One way to improve quit rates in this population, experts suggest, is with customized programs that address the unique issues people with HIV face, including codependency, depression, and low motivation.2
A pilot study at Montefiore of just such a program found quit rates in those participating in an HIV-focused program were twice as high as those who received just brief physician counseling.
Group Counseling; Focus on HIV
Montefiore’s Positively Smoke Free (PSF) program is designed specifically for HIV-infected smokers. Participants attend eight 90-minute group sessions of six to eight people led by a psychologist and a specially trained HIV-infected ex-smoker.
The program “targets the unique concerns and issues that pertain to smoking in the setting of a life with HIV,” said Dr. Shuter. Those include highlighting adverse effects of smoking that are unique to people with HIV; dispelling myths about the "benefits" of smoking for people living with HIV; comparing smoking to high-risk situations pertaining to HIV; and contrasting smoking cessation “relapses” with ART adherence.
The presence of a peer counselor is particularly important to the program’s success, Dr. Shuter said. The counselor “can identify with many of the issues that come up around the table and participants can identify with him or her."
The group aspect also helps. “Patients with HIV are accustomed to support groups, so the idea of them supporting each other to quit smoking isn’t such a novel idea.”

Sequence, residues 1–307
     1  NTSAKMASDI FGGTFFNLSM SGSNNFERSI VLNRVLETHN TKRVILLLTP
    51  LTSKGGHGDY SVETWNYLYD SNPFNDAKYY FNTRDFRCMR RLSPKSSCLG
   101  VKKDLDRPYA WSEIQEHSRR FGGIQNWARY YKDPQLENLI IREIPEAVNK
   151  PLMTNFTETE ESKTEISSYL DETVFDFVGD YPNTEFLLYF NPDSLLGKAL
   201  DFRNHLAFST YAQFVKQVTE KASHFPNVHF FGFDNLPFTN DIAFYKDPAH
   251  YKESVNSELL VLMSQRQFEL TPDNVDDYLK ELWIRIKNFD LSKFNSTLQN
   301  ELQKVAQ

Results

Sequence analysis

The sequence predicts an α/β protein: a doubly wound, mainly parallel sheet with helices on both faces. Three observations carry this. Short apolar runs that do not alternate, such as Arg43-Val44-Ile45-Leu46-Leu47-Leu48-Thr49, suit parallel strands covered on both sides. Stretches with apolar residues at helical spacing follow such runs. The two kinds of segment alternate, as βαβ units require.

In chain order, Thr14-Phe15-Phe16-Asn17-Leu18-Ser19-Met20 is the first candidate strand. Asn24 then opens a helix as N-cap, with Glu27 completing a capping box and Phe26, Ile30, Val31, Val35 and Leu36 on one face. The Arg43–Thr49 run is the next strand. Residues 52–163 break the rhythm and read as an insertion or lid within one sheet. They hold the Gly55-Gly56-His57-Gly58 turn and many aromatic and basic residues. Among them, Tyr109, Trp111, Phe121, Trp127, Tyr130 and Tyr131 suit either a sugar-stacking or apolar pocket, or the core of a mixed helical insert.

“One thing we do that I’m proud of is that we don’t harp on all the negatives of smoking,” said Dr. Shuter. “We try to introduce the idea that living with HIV can be a real positive in one’s attempt to get off this addiction and emphasize the fact that people in the HIV-infected community are champions at beating addiction and improving their health. We tell them that you’re great at taking measures to improve your health and this is one more activity that fits with that theme.”
Counselors must have been smoke-free for at least a year and have experience participating in support groups. To date, two peer counselors, both patients at the Montefiore clinic, have undergone the intensive, five-day training course.
Given the success of the pilot, Montefiore recently received a five-year, $3.7 million grant from the National Institute on Drug Abuse to investigate the program. The trial will compare the PFS approach to the current standard of care. All participants will also be offered pharmacotherapy in the form of nicotine replacement products and medication.
Since the PFS curriculum is not publically available yet, Dr. Shuter has his own recommendations to increase quit rates in this population. “I’ve gotten more than one patient to quit by dialing the quit line and handing him the phone while I type up my notes,” he said. “Busy clinicians don’t have time or expertise to counsel patients about quitting but we have quit lines in all 50 states.”
He also recommends that clinicians make a specific appointment to discuss smoking cessation with the patient, rather than making it just one item in a long list of issues during a typical office visit. “That’s a completely legitimate medical visit,” he said.